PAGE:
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Key Features

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Essentials of Diagnosis
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  • Cleft lip is more common in males, cleft palate in females

  • Cleft lip and palate may be isolated defects (nonsyndromic) or associated with other anomalies as part of a genetic disorder (syndromic)

  • Pierre Robin sequence, the association of cleft palate, micrognathia, and glossoptosis may lead to severe airway complications in young infants, necessitating tracheostomy

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General Considerations
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  • From a genetic standpoint, cleft lip with or without cleft palate is distinct from isolated cleft palate

  • Although both can occur in a single family, particularly in association with certain syndromes, this pattern is unusual

  • Racial background is a factor in the incidence of facial clefting

  • The prevalence of facial clefting per 10,000 births is 10.2 in the United States, 12.1 in Western Europe, and 20.0 in Japan

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Clinical Findings

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  • A cleft lip may be unilateral or bilateral and complete or incomplete. It may occur with a cleft of the entire palate or just the primary (anterior and gingival ridge) or secondary (posterior) palate.

  • An isolated cleft palate can involve only the soft palate or both the soft and hard palates. It can be a V-shaped or a U-shaped cleft.

  • When the cleft palate is associated with micrognathia and glossoptosis (a tongue that falls back and causes respiratory or feeding problems), it is called the Pierre Robin sequence.

  • Among individuals with facial clefts—more commonly those with isolated cleft palate—the incidence of other congenital abnormalities is increased, with up to a 60% association with other anomalies or syndromes.

  • The incidence of congenital heart disease, for example, is 1–2% in liveborn infants, but among those with Pierre Robin sequence it can be as high as 15%

  • Associated abnormalities should be looked for in the period immediately after birth and before surgery

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Differential Diagnosis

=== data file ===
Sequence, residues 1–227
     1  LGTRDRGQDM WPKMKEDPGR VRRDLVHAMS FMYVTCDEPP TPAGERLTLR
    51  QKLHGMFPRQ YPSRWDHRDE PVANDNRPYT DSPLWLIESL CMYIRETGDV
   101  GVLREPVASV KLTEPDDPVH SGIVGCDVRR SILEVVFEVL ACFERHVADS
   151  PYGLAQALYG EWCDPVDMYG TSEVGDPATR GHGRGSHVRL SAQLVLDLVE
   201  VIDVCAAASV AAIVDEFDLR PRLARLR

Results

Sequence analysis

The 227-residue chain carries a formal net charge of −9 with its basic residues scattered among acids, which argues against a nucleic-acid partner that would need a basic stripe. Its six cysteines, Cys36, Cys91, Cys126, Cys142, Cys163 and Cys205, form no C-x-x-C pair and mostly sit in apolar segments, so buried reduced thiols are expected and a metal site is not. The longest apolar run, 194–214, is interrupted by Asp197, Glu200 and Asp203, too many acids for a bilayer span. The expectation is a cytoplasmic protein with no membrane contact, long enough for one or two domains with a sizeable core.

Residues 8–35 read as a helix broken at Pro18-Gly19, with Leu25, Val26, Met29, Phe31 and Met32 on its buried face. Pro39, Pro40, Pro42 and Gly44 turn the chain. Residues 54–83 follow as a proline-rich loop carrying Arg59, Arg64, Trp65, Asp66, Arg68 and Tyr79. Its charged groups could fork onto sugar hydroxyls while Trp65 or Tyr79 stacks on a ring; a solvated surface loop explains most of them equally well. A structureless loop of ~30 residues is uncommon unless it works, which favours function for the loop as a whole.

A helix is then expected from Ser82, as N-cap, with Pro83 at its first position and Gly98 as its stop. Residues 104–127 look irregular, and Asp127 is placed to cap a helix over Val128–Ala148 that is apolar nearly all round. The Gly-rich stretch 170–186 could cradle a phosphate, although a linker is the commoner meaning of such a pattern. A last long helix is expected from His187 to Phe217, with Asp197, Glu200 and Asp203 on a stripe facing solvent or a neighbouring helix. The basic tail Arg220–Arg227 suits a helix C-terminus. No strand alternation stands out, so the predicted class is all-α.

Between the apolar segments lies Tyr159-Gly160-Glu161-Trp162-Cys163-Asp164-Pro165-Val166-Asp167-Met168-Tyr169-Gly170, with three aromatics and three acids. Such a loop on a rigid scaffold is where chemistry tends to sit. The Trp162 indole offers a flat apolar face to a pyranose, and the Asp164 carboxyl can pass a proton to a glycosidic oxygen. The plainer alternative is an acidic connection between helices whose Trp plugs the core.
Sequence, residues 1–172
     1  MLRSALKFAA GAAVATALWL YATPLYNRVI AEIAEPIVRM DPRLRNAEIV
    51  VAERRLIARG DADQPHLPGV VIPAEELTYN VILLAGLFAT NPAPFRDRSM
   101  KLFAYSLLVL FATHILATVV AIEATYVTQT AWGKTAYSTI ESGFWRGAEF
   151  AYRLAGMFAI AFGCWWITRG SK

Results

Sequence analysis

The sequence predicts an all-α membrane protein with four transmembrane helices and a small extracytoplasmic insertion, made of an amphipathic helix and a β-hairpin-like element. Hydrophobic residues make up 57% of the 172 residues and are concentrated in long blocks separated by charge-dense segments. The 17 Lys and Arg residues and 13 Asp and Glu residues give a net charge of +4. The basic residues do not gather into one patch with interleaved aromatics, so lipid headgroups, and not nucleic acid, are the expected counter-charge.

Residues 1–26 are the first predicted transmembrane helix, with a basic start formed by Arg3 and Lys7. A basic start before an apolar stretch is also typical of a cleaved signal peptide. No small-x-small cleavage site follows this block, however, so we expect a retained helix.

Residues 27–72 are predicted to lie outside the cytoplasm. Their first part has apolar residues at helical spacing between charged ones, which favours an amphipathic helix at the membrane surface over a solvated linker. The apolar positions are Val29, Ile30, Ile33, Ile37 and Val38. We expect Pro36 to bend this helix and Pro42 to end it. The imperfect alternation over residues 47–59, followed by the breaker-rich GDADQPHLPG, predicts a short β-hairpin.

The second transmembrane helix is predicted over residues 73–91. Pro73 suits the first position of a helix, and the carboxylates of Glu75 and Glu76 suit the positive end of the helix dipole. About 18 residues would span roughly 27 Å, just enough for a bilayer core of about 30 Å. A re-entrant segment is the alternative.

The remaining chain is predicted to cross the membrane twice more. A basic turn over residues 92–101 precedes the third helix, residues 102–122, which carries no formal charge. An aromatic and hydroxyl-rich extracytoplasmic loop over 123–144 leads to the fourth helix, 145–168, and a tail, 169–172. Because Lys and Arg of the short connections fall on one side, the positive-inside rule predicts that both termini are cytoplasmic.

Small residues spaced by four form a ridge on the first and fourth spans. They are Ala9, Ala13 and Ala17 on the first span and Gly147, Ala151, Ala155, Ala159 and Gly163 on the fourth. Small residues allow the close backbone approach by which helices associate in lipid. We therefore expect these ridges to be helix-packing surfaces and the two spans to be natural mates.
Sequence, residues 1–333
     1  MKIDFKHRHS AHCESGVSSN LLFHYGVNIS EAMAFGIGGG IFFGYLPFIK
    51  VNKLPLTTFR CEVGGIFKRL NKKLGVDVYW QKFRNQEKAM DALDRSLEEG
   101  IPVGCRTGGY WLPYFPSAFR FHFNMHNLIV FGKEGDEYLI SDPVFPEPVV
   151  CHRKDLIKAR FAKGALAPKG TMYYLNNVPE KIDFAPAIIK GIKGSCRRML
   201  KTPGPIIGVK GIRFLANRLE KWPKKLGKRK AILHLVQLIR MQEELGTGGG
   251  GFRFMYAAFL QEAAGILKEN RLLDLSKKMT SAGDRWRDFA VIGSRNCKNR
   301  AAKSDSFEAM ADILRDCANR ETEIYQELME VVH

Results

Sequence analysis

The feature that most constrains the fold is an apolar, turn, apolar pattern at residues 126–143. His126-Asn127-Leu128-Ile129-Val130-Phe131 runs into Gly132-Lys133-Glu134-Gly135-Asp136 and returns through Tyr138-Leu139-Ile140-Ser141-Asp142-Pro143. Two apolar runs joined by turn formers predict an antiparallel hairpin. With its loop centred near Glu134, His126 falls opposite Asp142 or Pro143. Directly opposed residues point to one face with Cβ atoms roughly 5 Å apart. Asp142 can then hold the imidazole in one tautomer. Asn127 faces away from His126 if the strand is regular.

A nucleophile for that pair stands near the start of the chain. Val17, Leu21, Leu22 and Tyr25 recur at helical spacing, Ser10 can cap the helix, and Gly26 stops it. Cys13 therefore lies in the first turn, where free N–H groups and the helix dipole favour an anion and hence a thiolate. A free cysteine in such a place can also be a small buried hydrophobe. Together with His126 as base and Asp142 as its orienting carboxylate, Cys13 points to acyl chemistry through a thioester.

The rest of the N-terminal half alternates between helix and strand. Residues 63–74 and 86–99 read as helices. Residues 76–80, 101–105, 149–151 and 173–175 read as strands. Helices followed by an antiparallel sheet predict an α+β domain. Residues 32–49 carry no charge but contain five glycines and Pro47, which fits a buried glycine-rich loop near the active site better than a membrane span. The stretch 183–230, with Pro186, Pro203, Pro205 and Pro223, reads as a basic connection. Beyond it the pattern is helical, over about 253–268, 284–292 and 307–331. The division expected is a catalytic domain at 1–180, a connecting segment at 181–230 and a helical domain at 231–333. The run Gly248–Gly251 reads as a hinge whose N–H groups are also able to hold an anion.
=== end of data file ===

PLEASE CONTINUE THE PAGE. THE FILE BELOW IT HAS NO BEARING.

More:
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Nonsyndromic
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  • Considered a classic example of polygenic or multifactorial inheritance

  • Several recent studies have suggested that one or more major autosomal loci, both recessive and dominant may be involved

  • Empirically, however, the recurrence risk is still in the range of 2–3% because of nonpenetrance or the presence of other contributing genes

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Syndromic
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  • Cleft lip, with or without cleft palate, and isolated cleft palate may occur in a variety of syndromes that may be environmental, chromosomal, single gene, or of unknown origin

  • Environmental

    • Maternal seizures, anticonvulsant usage (CL/CP or CP)

    • Fetal alcohol syndrome (CP)

    • Amniotic band syndrome (CL/CP)

  • Chromosomal

    • Trisomies 13 and 18 (CL/CP)

    • Wolf-Hirschhorn or 4p– syndrome (CL/CP)

    • Shprintzen or 22q11.2 deletion syndrome (CP)

  • Single-gene disorders

    • Treacher-Collins syndrome, autosomal dominant (CP)

    • Stickler syndrome, autosomal dominant (CP—particularly Pierre Robin)

    • Smith-Lemli-Opitz, autosomal recessive (CP)

  • Unknown cause

    • Moebius syndrome (CP)

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Diagnosis

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  • A complete family history must be taken, and the patient and both parents must be examined

  • Choice of laboratory ...

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